Sindh and Karachi class 9th Chemistry notes chapter no 7 fill in the blanks, multiple-choice question, MCQs, and question answer.
Fill in the Blank Solution and Suspension
- The Component of sloutio present in smaller amount is called_____. Solute
- The component present in greater quantity is called ________. Solvent
- Soft drinks are the examples of gas in _______ Liquid
- When water is solvent solution is called __________ solution. aqueous
- The states of matter solid, liquid and gas produce ________ types of solutions on mixing. Nine
- Cloud and steam arce examples of liquid in ________ gas
- Smoke is solid in ________ gas
- The solubility of gases in a liquid decreases with the inverse in temperature.
- The Solubility of solids of solids and liquids arc ot affected by__________ Pressure.
- The Solubility of a gas in a liquid is directly proportional to the pressure gas. This is cllled _______ Henry’s Law.
- for crytallization supter ______________ is prepared. Saturated solution
- Solution is a _____________ of two or more substances. homogenous mixture
- The most common solvent in nature is _____________ . water
- An _ ___is the solution when the liquid solvent is water. aqueous solution
- 10% M/M solution contains 10 gram solute, dissolved in __ g solvent. 90
- _______________ is the symbol for the concentration unit of molarity. M
Multiple Choice Question Chemistry Chapter 7 Class 9th Notes – MCQs
i) The suspended particles in suspensions are generally of the size.
A. 10nmCorrectly unselected
B. 100nmIncorrectly selected
C. 1200nmIncorrectly unselected
ii) The sum of the mole fractions of solute and solvent is equal to:
iii) Solubility is defined as the amount of solute in gram at a given temperature, dissolved in _______of the solvent.
iv) The process in which a solid directly changes to vapors is known as:
v) The solubility of a gas ________with the rise in temperature.
Short question Solution and Suspension chemistry Class 9
Q.1) Define the following terms:
In a mixture solute is a substance which is dissolved in lesser amount in the solvent. For example, in a 5% glucose solution in water, solute is glucose and solvent is water.
A solvent is a substance that dissolves a solute resulting in a solution. A solvent is usually a liquid but it can be gas or solid. For example, 10 ml alcohol is dissolved in water to make a solution. Here alcohol is solute in small amount and water is a solvent in greater quantity.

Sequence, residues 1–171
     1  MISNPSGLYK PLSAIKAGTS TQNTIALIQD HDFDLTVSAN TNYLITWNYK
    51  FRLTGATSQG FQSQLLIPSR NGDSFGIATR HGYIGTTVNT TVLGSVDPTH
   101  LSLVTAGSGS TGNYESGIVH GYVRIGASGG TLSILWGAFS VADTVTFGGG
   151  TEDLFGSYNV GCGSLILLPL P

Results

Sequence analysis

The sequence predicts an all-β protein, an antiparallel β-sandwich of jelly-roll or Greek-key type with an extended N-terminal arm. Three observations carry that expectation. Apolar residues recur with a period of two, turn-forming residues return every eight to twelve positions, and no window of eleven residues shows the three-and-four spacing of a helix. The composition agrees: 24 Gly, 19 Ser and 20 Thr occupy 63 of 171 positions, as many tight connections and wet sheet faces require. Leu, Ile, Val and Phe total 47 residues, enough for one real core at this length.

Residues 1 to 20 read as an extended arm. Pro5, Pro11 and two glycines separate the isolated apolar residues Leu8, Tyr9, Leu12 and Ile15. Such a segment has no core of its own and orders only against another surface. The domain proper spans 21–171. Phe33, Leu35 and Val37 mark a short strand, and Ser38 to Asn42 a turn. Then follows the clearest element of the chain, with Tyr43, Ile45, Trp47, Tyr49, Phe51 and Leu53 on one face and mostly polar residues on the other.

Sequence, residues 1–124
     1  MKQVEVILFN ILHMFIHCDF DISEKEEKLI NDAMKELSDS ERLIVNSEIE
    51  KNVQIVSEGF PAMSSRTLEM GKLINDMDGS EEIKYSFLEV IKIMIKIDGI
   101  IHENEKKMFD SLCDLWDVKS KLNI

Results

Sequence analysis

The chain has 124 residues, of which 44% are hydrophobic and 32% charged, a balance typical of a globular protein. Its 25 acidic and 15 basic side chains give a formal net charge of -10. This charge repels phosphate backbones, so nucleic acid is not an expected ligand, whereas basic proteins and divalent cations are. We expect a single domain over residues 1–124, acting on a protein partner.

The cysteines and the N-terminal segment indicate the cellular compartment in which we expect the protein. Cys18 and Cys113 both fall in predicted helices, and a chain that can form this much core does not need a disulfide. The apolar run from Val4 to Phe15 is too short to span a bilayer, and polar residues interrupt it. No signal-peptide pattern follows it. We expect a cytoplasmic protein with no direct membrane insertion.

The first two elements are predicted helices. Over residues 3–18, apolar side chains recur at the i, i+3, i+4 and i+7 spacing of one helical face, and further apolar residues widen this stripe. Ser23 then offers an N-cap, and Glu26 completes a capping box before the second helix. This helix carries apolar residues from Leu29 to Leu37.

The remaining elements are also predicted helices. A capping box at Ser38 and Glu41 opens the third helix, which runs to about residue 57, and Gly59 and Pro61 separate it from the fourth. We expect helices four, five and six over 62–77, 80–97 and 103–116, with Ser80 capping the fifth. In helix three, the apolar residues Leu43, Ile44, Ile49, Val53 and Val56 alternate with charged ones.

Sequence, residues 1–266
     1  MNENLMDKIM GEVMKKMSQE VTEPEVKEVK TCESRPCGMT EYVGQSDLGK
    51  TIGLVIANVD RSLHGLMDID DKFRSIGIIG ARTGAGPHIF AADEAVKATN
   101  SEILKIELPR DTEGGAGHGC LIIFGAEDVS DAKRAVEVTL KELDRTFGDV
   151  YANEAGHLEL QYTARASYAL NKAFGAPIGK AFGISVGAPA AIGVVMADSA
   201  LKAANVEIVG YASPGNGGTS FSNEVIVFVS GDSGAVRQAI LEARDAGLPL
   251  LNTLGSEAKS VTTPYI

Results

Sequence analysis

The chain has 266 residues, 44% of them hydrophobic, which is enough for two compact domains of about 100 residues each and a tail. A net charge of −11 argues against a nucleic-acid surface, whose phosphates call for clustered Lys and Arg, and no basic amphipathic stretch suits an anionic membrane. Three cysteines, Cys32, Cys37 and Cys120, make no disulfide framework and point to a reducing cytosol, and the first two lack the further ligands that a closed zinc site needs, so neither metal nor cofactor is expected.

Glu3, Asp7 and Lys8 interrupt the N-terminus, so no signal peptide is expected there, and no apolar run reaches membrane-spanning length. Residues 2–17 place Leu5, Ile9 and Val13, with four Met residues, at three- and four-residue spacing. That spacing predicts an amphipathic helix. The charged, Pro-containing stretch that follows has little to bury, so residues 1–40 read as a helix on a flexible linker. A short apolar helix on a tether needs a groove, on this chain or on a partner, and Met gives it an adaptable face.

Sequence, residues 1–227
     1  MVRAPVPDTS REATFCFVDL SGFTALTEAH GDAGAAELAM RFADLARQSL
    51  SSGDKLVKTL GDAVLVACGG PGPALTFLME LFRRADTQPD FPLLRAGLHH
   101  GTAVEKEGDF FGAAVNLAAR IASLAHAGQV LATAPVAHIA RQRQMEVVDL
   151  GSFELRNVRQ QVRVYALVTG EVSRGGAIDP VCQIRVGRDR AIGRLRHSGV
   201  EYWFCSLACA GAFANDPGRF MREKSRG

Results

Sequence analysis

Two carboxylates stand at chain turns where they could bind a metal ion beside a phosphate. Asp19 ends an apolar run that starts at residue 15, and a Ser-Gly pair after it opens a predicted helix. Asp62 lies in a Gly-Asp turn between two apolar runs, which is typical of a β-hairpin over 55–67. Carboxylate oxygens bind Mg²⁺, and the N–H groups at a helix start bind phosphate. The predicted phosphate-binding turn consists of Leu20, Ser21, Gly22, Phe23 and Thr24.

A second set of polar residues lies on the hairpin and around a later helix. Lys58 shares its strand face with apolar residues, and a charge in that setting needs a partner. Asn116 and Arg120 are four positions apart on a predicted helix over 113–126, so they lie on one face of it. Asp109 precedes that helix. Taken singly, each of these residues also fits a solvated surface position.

The solubility of a substance is the amount of substance that dissolves in a given quantity of a solvent at a given temperature to produce a saturated solution. Solubility is usually expressed in grams of solute per 100 g of solvent.
The process in which dissolved solute comes out of solution and forms crystals is called crystallization.
Q.2) Name the solute and solvent in the following solutions:
b) Haze (Dust in air)
c) Butter (Water in fat)
e) Jellies (Water in fruit pulp)
g) Sodium amalgam
h) Cheese (Water in fat)
i) Foam (Water in air)
|Name of solution||Solute||Solvent|
Q.3) Discuss the factors affecting the solubility.
There are some factors that affect the solubility of the solute in a solvent. These are:
Solubility of a solid in liquid increases with increase in temperature. For example solubility of sugar in water at 0°C is 179 g /100ml of water whereas at 100°C the solubility is 487g / 100 ml. This means the temperature has a profound effect on the solubility of a substance.
However, solubility of gases in a liquid decreases with the increase in temperature. For example when water is heated the small bubbles come out at the side of beaker. This shows that bubbles are composed of air. Since, air is less soluble in hot water than in cold water, air comes out in the form of bubbles.
The solubilities of solids and liquids are not affected by pressure. But solubility of gas in liquid is affected by the pressure. Solubility of a gas in liquid is directly proportional to the pressure of a gas.